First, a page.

Sharing a lot of folders isn't a good idea because it gives network visitors too much control over your computer. Even if you trust people, they might accidentally mess something up. To be safe, only share files by placing them in the Shared Document folder.

Inside Shared Documents live two more folders, Shared Music and Shared Pictures. Those two folders are also available to any user. So, if you want to share documents with any user of your computer, store them in the Shared Documents folder. When you make MP3s from your CDs, store them in the Shared Music folder, too, so that everybody can enjoy them.

on Dec 01, 2009 | Computers & Internet

1 Answer

My Advent 4211 netbook connects wirelessly to the Internet through my Desktop and a Belkin router. How do I allow the netbook to see the files in the desktop?


if you ran your network wizard to get the internet access shared then you should be able to share your files too.
and folders the same way ,

go to my network device,
veiw network computers,
if you can see the computers desk top then
go to Shared folders and try to see if your folders have been shared open something.

If you can see the desktop and not open the shared folders then run the network wizard again,shutdown and restart,to save your settings,
to share files between both machines you will need to drag the file into my shared folders or rightclick on the file your sharing and click on sharing,follow the prompts to share and that should fix your problem.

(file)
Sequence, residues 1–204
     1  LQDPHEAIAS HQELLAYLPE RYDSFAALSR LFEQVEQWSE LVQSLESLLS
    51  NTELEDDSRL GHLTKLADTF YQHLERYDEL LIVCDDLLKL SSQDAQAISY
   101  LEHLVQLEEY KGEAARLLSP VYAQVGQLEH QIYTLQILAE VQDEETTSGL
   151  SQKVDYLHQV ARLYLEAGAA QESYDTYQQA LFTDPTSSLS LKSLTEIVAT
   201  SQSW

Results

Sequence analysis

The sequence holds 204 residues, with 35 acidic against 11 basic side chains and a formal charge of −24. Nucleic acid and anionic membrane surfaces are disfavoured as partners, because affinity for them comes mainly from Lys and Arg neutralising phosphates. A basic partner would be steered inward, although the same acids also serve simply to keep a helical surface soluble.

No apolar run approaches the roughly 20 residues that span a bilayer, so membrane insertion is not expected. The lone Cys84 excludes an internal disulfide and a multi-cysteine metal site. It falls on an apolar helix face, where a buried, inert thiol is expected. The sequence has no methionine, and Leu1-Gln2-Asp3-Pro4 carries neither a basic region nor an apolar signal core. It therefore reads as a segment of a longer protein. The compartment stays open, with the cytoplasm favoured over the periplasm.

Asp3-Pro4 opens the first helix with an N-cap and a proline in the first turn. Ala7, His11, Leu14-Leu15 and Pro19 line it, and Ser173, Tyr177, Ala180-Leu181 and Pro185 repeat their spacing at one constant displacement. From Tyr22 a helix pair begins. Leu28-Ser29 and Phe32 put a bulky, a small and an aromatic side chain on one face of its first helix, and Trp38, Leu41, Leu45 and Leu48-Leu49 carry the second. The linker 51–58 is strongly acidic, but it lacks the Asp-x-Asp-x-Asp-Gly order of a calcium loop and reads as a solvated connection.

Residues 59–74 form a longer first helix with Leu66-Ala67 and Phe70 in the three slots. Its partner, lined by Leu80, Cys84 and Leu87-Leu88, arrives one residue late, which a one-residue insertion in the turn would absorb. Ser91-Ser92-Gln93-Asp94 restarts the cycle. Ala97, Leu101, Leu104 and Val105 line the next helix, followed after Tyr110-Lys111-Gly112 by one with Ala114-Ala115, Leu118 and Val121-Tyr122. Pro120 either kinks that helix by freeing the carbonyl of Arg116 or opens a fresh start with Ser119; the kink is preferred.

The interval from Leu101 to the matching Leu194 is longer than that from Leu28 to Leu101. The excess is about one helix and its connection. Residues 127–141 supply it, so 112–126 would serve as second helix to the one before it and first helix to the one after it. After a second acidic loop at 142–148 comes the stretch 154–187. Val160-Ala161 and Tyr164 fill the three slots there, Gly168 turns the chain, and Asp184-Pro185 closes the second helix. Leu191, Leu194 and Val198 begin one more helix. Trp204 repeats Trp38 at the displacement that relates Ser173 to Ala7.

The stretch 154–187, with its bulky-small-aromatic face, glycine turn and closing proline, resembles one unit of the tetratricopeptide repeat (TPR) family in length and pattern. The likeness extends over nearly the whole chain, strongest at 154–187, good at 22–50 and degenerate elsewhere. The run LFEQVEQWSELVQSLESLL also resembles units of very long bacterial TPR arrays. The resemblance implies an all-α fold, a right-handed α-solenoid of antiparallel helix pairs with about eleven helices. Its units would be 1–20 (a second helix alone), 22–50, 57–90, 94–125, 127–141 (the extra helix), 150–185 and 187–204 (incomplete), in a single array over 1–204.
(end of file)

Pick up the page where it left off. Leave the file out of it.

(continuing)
Please rate me thanks MISTERDJ

Aug 16, 2009 | Advent 4211c Notebook

1 Answer

File sharing between computers


Thanks for giving me the opportunity to help. Try the following:

On your laptop with Vista, click start, then network from the right side. This will take you to the Network Screen. Click on the Network and sharing screen. Click on options such as file sharing, printer sharing etc. Make sure that you can see each device your your network. If you can't you must go to each PC and use the network options on the XP machines. It's pretty simple, just follow the instructions that the wizard provides.

I hope this gets you up and running. Thanks for using Fixya.com

Jan 27, 2009 | Dell Inspiron 1501 Notebook

1 Answer

Connection HP laptop to Playstation 3


first things first, you have to allow sharing on your laptop. to accomplish this, go to control panel, open "network and sharing center". make sure the following are on -> network discovery, file sharing, public folder sharing, media sharing. Also make sure password protected is off. now the stuff you would like to accses on your PS3, go to the main folder of where everything is located, right click the folder, select share, it will bring you to a screen whit a drop down box by deafault has the name of the User Account. change that to "everyone" the select add. click next.
Now you have to do something else for media player.
make sure ps3 is on